When Leila Kashani Manshoory came up with the idea for her beauty brand Alleyoop two years ago, she had pre-pandemic problems that are now a thing of the past: She was constantly traveling for work, and the process of packing her beauty products was cumbersome. 

“I lived out of a suitcase,” she said. “I had to get really efficient with my beauty routine.” She started creating makeshift travel makeup palettes, and the idea for her brand was born. It launched in 2019 with a focus on travel — 100% of Alleyoop products are TSA compliant, which was “really heavy in our messaging in the beginning,” she said. 

When the pandemic hit last year, the brand shifted its messaging from “on the go” to “declutter.” Its influencer promos shifted from travel Instagrammers to minimalists, including “interior designers or Marie Kondo types,” said Manshoory. Now, Alleyoop is one of many beauty brands starting to cautiously tread back into travel-based marketing.

Pre-pandemic, the jet-setting life was a big part of many beauty brands’ marketing strategies. In addition to brands specifically focused on travel-friendly products, lavish destination influencer trips were commonplace. But that all changed due to Covid-19. Sponsored content from travel influencers dropped to 0.1% of total influencer marketing content on Instagram by mid-2020, according to influencer marketing software company CreatorIQ.

Now, data shows that with vaccination rates climbing, and hope of “independence from the pandemic” by July, some consumers are itching to travel again. In mid-March, the Transportation Security Administration [TSA] reported its busiest day since before the shutdowns last year. Brands are cautiously treading into travel-related content and product launches once again. German skin-care brand Bynacht released a new “Jet Lag Balm” in mid-April, and travel-oriented brands such as Wander Beauty are posting hopeful messages for consumers dreaming of going on vacation again.

“As more people get vaccinated and travel restrictions are lifted, we expect creators to be hungry to travel again. Brands need to start considering how to reinvigorate travel content and apply key learnings from 2020 to ensure that content remains authentic and relatable,” said Tim Sovay, COO of CreatorIQ.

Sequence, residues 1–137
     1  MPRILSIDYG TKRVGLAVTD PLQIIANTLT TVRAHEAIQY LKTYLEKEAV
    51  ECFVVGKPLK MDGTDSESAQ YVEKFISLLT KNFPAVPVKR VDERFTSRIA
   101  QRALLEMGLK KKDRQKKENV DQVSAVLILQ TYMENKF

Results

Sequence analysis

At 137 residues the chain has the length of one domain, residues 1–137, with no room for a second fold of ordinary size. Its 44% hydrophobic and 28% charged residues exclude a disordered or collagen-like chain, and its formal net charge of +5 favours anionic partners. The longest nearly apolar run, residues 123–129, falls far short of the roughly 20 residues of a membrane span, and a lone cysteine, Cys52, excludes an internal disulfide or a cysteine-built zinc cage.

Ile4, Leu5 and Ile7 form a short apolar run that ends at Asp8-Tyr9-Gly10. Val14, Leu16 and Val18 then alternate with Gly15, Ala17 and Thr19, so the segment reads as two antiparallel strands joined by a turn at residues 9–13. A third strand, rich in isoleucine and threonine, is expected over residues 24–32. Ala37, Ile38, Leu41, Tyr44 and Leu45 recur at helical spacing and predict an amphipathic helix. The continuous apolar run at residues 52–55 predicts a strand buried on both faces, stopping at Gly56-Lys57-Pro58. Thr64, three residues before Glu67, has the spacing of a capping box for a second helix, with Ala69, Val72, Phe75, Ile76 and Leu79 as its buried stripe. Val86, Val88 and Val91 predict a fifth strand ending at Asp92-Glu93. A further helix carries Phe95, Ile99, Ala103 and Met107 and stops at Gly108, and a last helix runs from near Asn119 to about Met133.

U.K.-based sustainable capsule brand Bolt Beauty, for example, launched on the first day of the U.K.’s lockdown in March 2020. Due to the pandemic, it had to scrap a travel-influencer-focused campaign timed to the launch and doubled down on sustainability messaging. Now, it is pivoting to a new type of travel content. 

“We feel like we can have great campaigns which demonstrate the travel-related elements of the brand, but without emphasizing travel in a traditional way,” said Lisa Sexton, founder of Bolt Beauty. “Road trips, visiting friends and family, and exploring your local area are much more likely this year. We would rather focus on these types of escapes, rather than risk focusing on traveling far away, which many still won’t be able to do.” 

Alleyoop, meanwhile, started testing out travel-related Instagram ads on Sunday. 

The new ads are “not so much on the return to travel,” said Manshoory. “Through this experience, we realized that we don’t need all the things that we have, and that being light is beneficial. And so [we’re focusing] on the things that will work for both at home and your upcoming travels.” 

Brands are still testing the waters with travel content, due to “high levels of uncertainty that remain — particularly with international travel,” said Sexton.

Skin-care brand Masktini, which also offers a 100% TSA-compliant product lineup, is another brand inspired by the jet-set lifestyle. Travel is “the core of the brand’s DNA,” said its founder Olga Parno, who thought of the label after traveling frequently for her Wall Street job. The brand’s pre-pandemic messaging was heavily travel-oriented; it frequently featured model Laís Felisardo bringing the brand’s products with her on trips. When the pandemic hit, the brand shifted its messaging from travel to self-care. But Parno said Masktini is ready to focus on travel again. 

“We’re starting to do it right now, because I feel that the audience is a lot more accepting of this message,” she said. “Everybody’s in the mood to travel, and what we’ve noticed is [they’re] looking for travel-friendly products.” She said the brand is planning more travel influencer campaigns showcasing the products in different countries.

“[With work travel in decline], we will probably start with leisure,” she said. ”A lot of people are planning to actually go someplace this summer and rest.”